Here are some of the stories we have had in our weekly Tidbits. To read our current edition simply click on the tab above for Read Online.
Hawkeye Publishing L.L.C. 319-360-3936
Scientists call them primates, but to the rest of us, they’re monkeys, gorillas, chimpanzees and apes. Each subspecies has distinctive characteristics that set them apart.
• The easiest way to tell the difference between a monkey and an ape is to look for a tail. Monkeys have them, apes don’t. So even though many people refer to chimpanzees as “monkeys,” that description is incorrect. Chimps are part of the same family as gorillas and orangutans, which makes them apes.
• Watch a monkey at play, and you’ll notice that he uses his arms, legs and tail to swing and jump and maneuver through the trees. Apes have extremely flexible and mobile shoulder joints, and their arms are often twice as long as their legs. Monkeys generally have claws, while apes have flat fingernails, similar to those of humans.
• Very little was known about chimpanzees in their natural habitat until Jane Goodall began her 30-year study of them in Tanzania in 1960. Dr. Goodall learned, for example, that chimps use tools, not unlike humans. To help themselves to a yummy banquet of termites (one of their favorite treats), a chimp will use a blade of grass or a twig to fish them out of hiding.
• Chimpanzees learn a lot about tool use and other survival techniques from their mothers. Unlike most other mammals, baby chimps are cared for by their mothers for an extended period of time, up to eight years. Mother chimps have been observed teaching their children how to develop a “plan” – if one rock doesn’t crack a nut open after a few tries, discard it and try a larger one.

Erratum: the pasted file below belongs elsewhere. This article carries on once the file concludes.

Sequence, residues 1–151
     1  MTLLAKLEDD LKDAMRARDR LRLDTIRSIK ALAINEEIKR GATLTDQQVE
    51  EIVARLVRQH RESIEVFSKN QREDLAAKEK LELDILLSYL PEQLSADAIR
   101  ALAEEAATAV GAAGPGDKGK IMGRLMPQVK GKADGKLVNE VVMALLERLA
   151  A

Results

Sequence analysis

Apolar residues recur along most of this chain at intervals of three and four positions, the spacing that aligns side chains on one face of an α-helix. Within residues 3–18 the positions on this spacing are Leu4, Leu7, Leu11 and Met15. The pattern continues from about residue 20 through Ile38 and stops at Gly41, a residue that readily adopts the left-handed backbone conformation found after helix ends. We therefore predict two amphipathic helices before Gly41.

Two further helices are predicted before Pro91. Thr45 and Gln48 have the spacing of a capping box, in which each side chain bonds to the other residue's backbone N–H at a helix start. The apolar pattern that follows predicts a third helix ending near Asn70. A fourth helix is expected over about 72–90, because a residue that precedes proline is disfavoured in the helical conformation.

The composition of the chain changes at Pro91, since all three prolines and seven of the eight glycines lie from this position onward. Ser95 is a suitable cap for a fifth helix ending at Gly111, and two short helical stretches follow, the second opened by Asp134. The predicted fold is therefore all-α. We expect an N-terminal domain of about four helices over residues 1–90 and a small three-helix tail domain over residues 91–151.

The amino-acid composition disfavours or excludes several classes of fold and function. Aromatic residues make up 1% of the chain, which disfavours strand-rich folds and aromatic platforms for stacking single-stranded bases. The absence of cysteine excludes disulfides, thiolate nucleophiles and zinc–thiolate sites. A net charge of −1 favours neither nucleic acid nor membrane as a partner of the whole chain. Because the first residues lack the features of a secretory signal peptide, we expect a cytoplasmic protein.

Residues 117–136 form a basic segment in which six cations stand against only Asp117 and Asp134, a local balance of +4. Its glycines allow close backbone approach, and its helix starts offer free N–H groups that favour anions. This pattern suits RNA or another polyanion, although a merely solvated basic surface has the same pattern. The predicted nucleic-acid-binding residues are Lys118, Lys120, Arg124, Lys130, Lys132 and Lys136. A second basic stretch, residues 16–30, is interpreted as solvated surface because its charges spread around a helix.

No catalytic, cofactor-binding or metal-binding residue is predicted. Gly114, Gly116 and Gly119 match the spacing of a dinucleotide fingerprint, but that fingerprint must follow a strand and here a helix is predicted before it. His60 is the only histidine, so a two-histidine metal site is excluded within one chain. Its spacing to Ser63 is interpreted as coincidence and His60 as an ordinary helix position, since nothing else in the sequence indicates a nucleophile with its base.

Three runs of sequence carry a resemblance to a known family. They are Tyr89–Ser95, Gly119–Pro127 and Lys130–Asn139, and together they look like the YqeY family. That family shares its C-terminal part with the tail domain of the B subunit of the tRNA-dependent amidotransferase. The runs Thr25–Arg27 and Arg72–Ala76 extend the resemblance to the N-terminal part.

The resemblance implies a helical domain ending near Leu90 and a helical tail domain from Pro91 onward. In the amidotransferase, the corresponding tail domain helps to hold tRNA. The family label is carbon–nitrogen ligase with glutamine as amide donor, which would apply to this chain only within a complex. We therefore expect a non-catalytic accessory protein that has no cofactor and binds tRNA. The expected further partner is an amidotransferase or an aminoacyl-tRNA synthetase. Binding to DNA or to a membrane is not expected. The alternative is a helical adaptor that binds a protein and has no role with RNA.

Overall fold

• It was originally thought that only the smaller apes used tools until Dian Fossey observed gorillas smashing palm nuts between two rocks. This “hammer and anvil” technique is considered a highly complex behavior.
• Even more amazingly, gorillas have been observed using tools for activities not directly related to acquiring or eating food. Some have been observed using a stick to test the depth of a river, and then placing a log across the water in order to cross. Others have been seen using branches to support themselves while standing up and as walking sticks.
• Orangutans are highly intelligent. In one remarkable experiment, researchers hid a juicy peach (a favorite of the ape) in a box that was held shut with several different clasps. The orangutan pounded on the box for just a few minutes, then, realizing that wasn’t working, proceeded to study and then carefully unfasten the various clasps.
• Chimpanzees do not make good pets. The trained chimps we see in shows and on TV have usually been taken away from their mothers at a young age so that they can be trained. When they reach a certain age, they are much stronger than a human and become dangerous. At that point, the trained chimp is usually relinquished to a zoo or roadside show. They may be cute and entertaining, but the old adage holds true: Wild animals belong in the wild.
• Service monkeys are an exception to the “wild animals as pets” rule. Capuchin monkeys are specially bred and trained to help people with spinal cord injuries with every day tasks. Helping Hands, the organization that places the monkeys, makes sure monkeys are treated humanely and that their new owners are well-versed in the care of their new assistants.
• Helping Hands monkeys do everything from turning the pages of books, to operating a microwave, to retrieving the TV remote control. Technology has forced the trainers to teach the monkeys new skills, however; instead of having to learn how to place a record on a phonograph, today’s monkeys are learning how to insert a CD-ROM into a computer.